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Avoid The Scams


As a business owner, it’s your job to protect your business in every way–especially toward scams.

Scams come in many different forms, such as phone calls, emails, and even through “snail mail.” Here are a couple of things you should know to protect yourself against scams.

Phone Calls

In a lot of cases, scammers are very sneaky and really make you think they are real. They can say they are from a reputable company like Google or Yahoo, and most of the time they know some information about you and your business, like your full name. So, it’s easy to mistake scammers for the real thing. Here are some ways to weed out those scammers:

  1. Request a signed copy of any promotional materials you allegedly agreed to be faxed to you.
  2. Request a copy of any recording of any phone conversation where you might have agreed to anything.
  3. Request an email with links or further documentation where you would have agreed to anything.


Scam emails are easier to weed out–especially since your own email provider will have a scam filter. Yet, a couple of these sometimes make it to your main inbox. Here is how to determine if it is a scam:

  1. Broken English- Many of these scams originate outside of the U.S., and the messages can be very choppy. Sometimes, it looks like a fill-in-the-blanks type of text that was copied from a template.
  2. Shipper Agent- This is a tell-tale sign that it is a scam. Why are they paying an outside shipper instead of having you deliver them yourself?

Snail Mail

While paper mail scams may be less common, they do still occur. If you have a website, chances are you have received a solicitation to list your website on search engines. These scams confuse business owners because they come in the form of an invoice. Here are some ways to determine if it is a scam:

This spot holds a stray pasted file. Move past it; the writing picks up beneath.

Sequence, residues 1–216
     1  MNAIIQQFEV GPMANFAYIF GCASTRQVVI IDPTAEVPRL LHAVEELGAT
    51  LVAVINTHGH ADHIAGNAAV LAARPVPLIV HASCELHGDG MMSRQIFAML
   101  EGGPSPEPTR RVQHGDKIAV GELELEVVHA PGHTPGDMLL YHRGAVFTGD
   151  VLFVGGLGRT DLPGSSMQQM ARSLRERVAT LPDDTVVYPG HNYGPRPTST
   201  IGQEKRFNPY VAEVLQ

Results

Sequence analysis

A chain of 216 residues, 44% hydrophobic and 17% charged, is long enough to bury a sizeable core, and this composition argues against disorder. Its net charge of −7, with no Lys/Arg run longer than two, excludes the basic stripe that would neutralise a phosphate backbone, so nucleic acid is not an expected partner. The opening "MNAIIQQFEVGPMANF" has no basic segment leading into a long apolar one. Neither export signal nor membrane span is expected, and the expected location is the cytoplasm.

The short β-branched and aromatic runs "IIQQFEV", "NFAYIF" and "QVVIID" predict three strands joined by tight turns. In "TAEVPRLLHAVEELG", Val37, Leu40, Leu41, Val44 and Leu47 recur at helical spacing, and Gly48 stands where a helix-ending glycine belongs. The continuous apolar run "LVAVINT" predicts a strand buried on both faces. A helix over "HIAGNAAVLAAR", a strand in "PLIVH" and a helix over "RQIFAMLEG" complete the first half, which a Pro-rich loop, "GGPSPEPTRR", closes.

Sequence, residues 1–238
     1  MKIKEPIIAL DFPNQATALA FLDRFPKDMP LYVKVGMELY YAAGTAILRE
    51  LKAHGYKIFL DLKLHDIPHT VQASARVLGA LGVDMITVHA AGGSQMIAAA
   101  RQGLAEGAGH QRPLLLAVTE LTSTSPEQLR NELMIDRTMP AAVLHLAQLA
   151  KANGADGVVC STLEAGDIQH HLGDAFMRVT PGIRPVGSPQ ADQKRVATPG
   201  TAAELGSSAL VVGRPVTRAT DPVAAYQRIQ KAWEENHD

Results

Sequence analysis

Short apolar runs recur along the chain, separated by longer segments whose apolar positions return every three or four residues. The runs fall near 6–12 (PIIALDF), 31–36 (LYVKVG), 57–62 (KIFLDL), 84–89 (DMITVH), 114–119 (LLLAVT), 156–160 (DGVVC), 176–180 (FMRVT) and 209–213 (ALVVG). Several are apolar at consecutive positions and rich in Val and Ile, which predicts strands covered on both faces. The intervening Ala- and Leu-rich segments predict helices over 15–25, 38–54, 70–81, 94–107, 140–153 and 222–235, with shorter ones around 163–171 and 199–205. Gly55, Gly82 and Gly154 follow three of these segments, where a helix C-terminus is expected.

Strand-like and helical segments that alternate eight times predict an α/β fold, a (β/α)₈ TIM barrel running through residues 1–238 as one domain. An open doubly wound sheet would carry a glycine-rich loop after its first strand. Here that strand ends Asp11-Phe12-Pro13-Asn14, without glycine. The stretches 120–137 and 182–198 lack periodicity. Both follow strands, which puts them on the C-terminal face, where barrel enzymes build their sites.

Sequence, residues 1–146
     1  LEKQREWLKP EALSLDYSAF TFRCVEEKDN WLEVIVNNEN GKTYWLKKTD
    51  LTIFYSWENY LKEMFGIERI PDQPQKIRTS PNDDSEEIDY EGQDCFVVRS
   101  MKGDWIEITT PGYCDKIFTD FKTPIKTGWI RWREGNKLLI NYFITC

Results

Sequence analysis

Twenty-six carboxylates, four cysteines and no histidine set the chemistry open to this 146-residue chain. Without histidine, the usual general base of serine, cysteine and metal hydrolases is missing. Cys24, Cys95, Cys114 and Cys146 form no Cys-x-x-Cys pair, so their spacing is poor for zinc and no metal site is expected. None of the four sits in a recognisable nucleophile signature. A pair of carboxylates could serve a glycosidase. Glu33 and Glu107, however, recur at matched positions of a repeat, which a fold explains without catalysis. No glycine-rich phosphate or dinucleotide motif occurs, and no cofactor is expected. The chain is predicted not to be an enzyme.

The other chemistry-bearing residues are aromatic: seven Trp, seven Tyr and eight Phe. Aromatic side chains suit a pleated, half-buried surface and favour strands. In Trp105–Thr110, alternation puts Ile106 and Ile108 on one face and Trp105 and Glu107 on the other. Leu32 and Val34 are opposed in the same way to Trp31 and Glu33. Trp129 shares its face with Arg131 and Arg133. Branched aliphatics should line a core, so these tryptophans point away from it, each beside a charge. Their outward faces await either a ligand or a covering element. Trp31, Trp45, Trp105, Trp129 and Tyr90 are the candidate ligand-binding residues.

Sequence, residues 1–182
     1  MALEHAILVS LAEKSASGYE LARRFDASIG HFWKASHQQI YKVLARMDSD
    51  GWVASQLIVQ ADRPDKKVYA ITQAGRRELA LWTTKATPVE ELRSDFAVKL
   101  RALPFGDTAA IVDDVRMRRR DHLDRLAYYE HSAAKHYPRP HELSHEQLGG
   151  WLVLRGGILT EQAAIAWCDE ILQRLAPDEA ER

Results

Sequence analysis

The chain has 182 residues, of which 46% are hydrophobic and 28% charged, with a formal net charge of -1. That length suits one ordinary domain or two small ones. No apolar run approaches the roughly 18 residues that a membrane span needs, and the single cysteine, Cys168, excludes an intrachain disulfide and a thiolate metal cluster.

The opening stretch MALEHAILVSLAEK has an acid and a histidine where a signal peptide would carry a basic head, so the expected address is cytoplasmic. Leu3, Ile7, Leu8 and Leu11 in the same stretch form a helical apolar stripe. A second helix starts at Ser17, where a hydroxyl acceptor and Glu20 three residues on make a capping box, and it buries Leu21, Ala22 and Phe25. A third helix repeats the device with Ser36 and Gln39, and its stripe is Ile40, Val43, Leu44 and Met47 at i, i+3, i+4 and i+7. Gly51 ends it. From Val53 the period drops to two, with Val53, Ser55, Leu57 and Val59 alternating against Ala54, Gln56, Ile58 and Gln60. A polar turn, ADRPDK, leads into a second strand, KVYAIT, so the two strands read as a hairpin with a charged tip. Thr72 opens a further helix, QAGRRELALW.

1. Read the fine print. Such scams, like from Web Listings Inc., say in small print that this is not a bill but a solicitation.
  2. Don’t send money to a company you don’t recognize. If you are unsure about the “bill,” give the company a call. Sometimes you will find, like with Web Listings Inc., they don’t have a phone number listed.
  3. Fear of losing visibility on search engines can drive people to pay without questions. Search engines have no problem finding websites new and old, so there is no need to pull out your checkbook without doing some research first.

Information is your best protection against scammers. So stay informed and question everything before you agree to send a check.


  1. Katie Webb says:

    I’m a designer at The Gilded Lily Florist in Spokane. Recently the owner asked me to investigate the unusual number of hang-up calls we get. What I found out is this is also a scam. What they do is call many businesses, allow only one ring, and see if they call back. If they do, there is a charge. They are small charges to your phone bill, so you may not even notice them. But incrementally, they make a killing. These calls never show a name on caller ID. They always say “out of area”. Florist shops that get so much of their business from the phone are so much more likely to call back, hoping it was a call for an order. Don’t do it….not unless your caller ID shows a name or at least a city.
    If you would, please post this with your other scam alerts.
    Thank you,
    Katie Webb

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